Our list of nine feature-length LGBTQ sports documentaries that provide behind-the-scenes glimpses of heroism and homophobia in athletics was such a hit, we’re following up with a look at feature-length narrative LGBTQ sports films. These movies examine queerness and sports through historic and fictional lenses.

We only chose films where sports play a major role and LGBTQ issues are shown explicitly, leaving out films like “Beautiful Thing” and “A League of Their Own” where sports plays a background role and the queerness remains suggested, respectively.

Interestingly, many of the films listed here originate from Europe and many, unsurprisingly, deal with closeted athletes. But, one in particular deals with disabilities, two deal with trans athletes and three deal with combat sports. Lots of drama abounds on- and off-field in these flicks, but there are also a few comedies to keep you laughing as the action unfolds.

“Personal Best” (1982)

After the U.S. Olympic teams boycotts the 1980 Moscow Summer Games, track-and-field star Chris Cahill — played by Mariel Hemingway — trains hard to achieve her “personal best,” and ends up falling in love with Tory Skinner, a more experienced runner played by Patrice Donnelly. But when a new sexist coach joins the team, he threatens to disrupt their intimate dynamic. Veteran actor Scott Glenn plays the coach.

“Like It Is” (1998)

Craig works as a backroom bare-knuckles fighter in London, taking on increasingly dangerous brawls to make ends meet. When he meets a young music promoter named Matt and then gets a job working at a club, Craig thinks his life is on the up-and-up. But when Matt’s demanding boss, Kelvin, notices that Matt’s loss of focus, his meddling could seriously endanger both men.

“Broken Hearts Club” (2000)

Dennis is a 28-year-old gay man who plays on a West Hollywood softball team with his close, catty pals. But as he catches feelings for a 23-year-old named Kevin, the men’s lives start unravelling, making Dean wonder whether his friends are really all that great. Interestingly, this film was directed by gay producer Greg Berlanti (husband of gay soccer player Robbie Rogers) and stars actor John Mahoney who lived in the glass closet until his 2017 death. It was also one of the only gay films during its time not focused on homophobia and HIV.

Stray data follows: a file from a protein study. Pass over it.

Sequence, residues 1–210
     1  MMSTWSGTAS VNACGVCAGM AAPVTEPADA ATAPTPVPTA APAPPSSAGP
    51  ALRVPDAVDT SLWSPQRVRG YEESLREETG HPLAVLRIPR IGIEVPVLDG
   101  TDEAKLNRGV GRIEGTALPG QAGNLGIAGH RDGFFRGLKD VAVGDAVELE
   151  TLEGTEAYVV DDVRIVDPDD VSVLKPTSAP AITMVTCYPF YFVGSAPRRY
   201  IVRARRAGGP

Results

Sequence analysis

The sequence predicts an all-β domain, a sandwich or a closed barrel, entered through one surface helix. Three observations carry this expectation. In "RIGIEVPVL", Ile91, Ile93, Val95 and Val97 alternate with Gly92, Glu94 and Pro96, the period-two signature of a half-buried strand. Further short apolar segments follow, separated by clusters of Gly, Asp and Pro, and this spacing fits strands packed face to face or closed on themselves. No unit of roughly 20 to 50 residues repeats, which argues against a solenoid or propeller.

“Beautiful Boxer” (2003)

One of the only queer sports biopics that isn’t a documentary, “Beautiful Boxer” recreates the life story of Nong Toom, a real-life trans woman Muay Thai fighter, actress and model. Starting off as a young priest at a Buddhist temple, Toom eventually joined a Muay Thai fighting camp and earned enough money to support her family and get gender confirmation surgery before she jump-kicked her way into the Asian international spotlight.

“Fighting Tommy Riley” (2004)

The straight-washed trailer above only hints at the gay storyline buried in this film’s second half. In it, the titular character, an aspiring nearly-Olympic boxer, trains with a boxing coach who has a mixed reputation. An intimate moment between the two threatens to tear them apart as Tommy’s star just begins rising.

“Guys and Balls” (2004)

Despite its cliched and dated jokes about leather bears and trans athletes, this German comedy follows Ecki, a reviled soccer player who gets booted from his local football club after he’s discovered making out with a dude. Determined to redeem himself, Ecki pulls together a ragtag soccer team made up of queer players to take on the team that ousted him.

“Eleven Men Out” (2005)

When Iceland’s bad-boy football star Ottar Thor comes out as gay, his entire life deflates quicker than a punctured soccer ball. His teenage son, boozing wife, judgmental teammates and conservative family don’t understand why he bothered. But when he’s given a choice to return to the pro-sports closet or start playing on a smaller gay local team, Thor has to choose between a glamorous life or an authentic one.